To improve the nutrition and food security of families in priority communities in Guatemala, Honduras, Nicaragua, and Costa Rica, by strengthening their skills, and giving them proper opportunities for access and control over productive resources, and inclusive markets; and by facilitating an environment that allows them to fulfill their social and economic rights.


  • The Ministry of Education (MINEDUC).
  • The Ministry of Agriculture, Livestock, and Food (MAGA).
  • The Ministry of Public Health and Social Assistance (MSPAS).
  • Cargill’s volunteering program.
  • Local authorities.
  • Municipal authorities.
  • The Central National School of Agriculture (ENCA).
  • The University of San Carlos of Guatemala (USAC).
  • The Social Work Association of the Dominican Sisters of the Anunciata (Educational Center Francisco Coll). 

Expected results

Expected results:

Empowering women through approaches and tools that help them increase their confidence and skills, and to cope with the challenges they face, including structural barriers to their empowerment.

Access and control over productive resources:

To increase the productivity and income of women, we expect to develop their skills and enhance both their access to information, and their use and control of productive resources.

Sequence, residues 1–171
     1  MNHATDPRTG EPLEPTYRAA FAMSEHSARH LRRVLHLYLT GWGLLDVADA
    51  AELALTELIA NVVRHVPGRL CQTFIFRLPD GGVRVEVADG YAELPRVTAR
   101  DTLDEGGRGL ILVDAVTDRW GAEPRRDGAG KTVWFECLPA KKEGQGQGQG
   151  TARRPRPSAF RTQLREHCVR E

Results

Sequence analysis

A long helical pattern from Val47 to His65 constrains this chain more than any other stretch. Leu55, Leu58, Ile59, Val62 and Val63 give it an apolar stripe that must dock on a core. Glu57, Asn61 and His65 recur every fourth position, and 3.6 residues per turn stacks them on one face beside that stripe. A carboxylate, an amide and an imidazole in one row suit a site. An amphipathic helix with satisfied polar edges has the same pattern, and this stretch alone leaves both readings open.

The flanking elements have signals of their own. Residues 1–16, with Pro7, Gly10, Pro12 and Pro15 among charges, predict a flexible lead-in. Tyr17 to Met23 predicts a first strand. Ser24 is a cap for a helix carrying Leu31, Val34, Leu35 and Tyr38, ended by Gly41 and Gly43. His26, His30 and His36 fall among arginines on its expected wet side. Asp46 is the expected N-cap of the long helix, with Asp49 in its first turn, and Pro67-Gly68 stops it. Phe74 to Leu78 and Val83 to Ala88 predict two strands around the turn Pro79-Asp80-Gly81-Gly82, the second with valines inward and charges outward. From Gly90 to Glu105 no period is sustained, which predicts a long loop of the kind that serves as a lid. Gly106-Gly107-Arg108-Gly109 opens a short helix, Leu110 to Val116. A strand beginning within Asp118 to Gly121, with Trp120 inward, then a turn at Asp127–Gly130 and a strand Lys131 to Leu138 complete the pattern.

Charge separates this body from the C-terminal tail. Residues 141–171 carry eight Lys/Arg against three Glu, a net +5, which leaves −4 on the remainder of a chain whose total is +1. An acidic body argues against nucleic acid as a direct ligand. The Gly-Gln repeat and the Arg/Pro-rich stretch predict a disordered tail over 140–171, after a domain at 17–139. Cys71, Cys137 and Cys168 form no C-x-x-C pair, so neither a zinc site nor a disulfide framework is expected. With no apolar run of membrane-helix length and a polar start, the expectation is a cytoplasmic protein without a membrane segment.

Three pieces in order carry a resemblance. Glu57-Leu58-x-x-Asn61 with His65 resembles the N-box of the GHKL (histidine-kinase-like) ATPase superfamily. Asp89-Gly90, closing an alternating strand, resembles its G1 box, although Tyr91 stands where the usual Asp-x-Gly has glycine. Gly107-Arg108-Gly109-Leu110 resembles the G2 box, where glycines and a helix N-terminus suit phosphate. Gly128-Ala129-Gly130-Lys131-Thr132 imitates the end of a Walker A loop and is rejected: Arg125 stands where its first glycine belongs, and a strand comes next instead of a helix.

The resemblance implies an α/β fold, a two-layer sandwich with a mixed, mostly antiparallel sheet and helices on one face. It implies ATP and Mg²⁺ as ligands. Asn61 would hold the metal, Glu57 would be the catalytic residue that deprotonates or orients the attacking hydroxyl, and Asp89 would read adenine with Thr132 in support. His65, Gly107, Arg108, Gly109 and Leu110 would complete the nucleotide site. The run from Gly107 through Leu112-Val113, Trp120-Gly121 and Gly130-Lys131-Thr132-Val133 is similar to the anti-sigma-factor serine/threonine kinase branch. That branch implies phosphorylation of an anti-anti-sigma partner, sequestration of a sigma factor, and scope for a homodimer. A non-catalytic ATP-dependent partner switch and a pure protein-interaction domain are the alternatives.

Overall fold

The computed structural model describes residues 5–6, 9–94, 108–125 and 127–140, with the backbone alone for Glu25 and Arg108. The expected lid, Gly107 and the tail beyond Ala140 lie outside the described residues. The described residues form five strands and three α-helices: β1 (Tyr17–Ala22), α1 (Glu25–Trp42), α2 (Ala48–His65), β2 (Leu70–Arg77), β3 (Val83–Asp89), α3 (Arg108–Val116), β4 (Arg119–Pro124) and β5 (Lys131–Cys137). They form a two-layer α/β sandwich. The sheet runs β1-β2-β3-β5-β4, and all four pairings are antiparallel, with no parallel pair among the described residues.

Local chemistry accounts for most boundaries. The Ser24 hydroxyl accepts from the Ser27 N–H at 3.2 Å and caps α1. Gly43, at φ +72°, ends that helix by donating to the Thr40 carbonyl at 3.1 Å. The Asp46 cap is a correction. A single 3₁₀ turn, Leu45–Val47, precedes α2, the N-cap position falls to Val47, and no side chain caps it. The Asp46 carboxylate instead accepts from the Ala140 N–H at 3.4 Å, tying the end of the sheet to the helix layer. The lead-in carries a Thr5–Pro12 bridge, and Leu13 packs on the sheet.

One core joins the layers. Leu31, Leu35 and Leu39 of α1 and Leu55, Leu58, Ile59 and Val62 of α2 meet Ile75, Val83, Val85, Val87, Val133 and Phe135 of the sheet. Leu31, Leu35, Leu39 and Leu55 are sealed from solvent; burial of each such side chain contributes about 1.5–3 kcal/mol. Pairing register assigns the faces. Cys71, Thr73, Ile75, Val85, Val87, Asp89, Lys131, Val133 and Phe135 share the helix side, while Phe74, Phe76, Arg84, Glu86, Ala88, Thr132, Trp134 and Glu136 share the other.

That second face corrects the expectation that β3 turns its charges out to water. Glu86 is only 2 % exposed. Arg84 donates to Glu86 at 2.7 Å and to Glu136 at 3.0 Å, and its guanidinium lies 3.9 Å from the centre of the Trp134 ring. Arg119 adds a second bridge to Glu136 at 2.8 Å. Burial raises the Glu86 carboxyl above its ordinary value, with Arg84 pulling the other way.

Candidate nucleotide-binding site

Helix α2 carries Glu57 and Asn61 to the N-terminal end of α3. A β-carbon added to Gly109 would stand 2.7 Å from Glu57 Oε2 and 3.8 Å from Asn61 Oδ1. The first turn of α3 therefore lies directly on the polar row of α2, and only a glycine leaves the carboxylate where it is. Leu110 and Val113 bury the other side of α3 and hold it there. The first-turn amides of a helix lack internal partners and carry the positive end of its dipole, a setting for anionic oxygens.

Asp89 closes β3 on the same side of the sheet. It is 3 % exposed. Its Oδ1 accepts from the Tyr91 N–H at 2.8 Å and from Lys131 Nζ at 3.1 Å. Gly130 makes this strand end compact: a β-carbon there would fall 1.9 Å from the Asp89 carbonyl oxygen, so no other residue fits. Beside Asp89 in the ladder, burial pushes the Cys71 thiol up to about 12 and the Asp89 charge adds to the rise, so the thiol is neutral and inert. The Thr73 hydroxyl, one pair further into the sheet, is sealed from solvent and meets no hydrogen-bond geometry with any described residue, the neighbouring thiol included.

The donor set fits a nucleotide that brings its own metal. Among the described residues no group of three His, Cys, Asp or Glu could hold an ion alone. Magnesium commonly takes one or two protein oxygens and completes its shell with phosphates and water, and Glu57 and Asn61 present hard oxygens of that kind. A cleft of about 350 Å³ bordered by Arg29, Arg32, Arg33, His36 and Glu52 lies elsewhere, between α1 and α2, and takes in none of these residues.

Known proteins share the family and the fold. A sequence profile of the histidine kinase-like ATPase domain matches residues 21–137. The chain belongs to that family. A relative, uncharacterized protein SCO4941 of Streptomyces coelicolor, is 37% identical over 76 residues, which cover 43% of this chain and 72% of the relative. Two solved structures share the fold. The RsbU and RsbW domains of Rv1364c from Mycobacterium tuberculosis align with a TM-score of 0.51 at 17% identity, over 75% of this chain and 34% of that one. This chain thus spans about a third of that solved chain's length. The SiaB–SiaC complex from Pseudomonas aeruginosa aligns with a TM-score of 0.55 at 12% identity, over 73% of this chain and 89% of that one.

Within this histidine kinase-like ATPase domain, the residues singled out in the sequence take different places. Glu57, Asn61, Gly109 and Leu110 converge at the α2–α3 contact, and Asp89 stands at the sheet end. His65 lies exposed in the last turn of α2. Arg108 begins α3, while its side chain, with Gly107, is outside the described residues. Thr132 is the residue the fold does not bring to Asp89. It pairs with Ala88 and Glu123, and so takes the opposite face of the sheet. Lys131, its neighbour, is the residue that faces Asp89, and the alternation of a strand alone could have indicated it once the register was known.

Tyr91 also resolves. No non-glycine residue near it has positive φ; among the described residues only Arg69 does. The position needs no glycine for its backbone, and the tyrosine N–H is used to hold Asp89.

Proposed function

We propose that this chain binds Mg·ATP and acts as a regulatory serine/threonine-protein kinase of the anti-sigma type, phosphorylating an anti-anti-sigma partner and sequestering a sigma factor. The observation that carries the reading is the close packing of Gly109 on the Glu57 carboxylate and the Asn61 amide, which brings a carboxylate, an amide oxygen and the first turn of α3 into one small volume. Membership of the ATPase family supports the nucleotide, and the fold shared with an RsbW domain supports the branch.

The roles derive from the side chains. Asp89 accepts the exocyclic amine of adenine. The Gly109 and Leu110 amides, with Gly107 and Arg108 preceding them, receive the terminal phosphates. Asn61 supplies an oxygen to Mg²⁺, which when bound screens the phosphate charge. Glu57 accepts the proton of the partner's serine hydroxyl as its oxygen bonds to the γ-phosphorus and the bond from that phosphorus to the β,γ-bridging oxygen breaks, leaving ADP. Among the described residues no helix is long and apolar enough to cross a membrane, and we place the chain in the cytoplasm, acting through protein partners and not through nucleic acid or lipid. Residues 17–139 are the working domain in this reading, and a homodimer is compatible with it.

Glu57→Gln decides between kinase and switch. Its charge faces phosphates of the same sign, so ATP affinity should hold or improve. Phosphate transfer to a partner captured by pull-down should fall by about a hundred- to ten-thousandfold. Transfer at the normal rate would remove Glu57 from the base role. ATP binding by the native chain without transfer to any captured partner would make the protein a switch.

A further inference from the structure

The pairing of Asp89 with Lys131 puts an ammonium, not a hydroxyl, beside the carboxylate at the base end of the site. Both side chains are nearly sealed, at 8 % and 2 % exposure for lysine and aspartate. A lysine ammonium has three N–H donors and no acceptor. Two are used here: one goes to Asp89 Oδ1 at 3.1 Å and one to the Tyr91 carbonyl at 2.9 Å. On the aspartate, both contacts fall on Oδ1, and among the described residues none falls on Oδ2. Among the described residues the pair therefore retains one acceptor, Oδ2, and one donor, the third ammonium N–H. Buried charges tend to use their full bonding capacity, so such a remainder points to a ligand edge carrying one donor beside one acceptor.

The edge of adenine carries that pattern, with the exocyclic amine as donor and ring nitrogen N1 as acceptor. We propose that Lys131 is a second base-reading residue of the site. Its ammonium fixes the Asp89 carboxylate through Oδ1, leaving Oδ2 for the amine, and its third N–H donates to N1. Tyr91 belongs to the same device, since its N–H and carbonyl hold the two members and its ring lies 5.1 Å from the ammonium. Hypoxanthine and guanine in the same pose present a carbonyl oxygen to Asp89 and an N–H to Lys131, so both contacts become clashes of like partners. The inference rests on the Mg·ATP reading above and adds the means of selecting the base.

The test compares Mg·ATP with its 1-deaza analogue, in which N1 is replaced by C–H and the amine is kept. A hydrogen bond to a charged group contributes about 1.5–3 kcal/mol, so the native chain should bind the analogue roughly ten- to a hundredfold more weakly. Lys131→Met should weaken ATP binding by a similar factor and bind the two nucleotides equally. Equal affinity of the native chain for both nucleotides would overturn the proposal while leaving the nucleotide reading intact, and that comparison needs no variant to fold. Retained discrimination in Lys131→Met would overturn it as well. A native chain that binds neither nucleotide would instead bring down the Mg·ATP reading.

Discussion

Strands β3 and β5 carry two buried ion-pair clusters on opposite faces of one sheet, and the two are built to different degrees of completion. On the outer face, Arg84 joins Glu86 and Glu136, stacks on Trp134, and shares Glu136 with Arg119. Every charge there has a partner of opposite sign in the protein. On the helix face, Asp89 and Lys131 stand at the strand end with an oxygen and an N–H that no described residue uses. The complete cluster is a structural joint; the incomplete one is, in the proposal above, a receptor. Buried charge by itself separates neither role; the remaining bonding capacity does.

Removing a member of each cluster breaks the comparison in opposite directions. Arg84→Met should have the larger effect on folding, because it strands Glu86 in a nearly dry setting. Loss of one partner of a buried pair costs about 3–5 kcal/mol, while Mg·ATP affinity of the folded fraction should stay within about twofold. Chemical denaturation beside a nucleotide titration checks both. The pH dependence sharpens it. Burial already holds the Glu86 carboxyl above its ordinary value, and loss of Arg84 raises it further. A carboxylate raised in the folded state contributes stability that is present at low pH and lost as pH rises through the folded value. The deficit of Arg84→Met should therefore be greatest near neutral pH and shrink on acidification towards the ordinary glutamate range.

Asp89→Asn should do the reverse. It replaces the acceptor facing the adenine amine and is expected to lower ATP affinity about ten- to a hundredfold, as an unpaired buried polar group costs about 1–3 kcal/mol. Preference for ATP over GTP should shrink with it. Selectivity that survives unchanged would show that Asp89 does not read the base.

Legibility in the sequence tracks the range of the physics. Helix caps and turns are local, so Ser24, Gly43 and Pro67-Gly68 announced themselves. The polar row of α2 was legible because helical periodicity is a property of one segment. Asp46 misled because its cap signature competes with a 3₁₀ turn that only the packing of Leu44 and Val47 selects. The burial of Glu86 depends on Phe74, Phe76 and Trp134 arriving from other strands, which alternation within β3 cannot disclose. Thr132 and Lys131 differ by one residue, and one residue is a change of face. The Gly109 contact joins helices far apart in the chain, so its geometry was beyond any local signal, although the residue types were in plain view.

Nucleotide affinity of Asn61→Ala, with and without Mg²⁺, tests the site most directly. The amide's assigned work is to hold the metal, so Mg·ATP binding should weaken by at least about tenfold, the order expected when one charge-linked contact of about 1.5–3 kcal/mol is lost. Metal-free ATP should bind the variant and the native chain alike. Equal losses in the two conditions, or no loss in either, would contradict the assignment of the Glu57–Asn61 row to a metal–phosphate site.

Incidence and strategic partnerships:

Joint work with municipalities and with sectoral tables of Food and Nutrition Security (FNS), using the Local Economic Development (LED) strategies.

Inclusive markets:

This includes improving women’s access to markets to enhance their food security, and increasing production and its benefits at a low scale. It also promotes the participation of low-scale female producers in joint ventures, and it helps them to get better market results and to make decisions in the field.


The monitoring of the bond growth between education and nutrition as a result of school and family gardens, and the promotion of best practices of food safety, nutrition, and healthy lifestyles, which are obtained by increasing the dietary diversity, and by promoting good hygiene and sustainable environmental practices (such as water management, and access to food through the participation of the school community).



 (2013 2016) Guatemala,
and Nicaragua


(2016 2019) Guatemala,
and Nicaragua


(2019 2022) Guatemala, Honduras, Nicaragua and Costa Rica.


(2022 2025) Guatemala, Honduras and Costa Rica.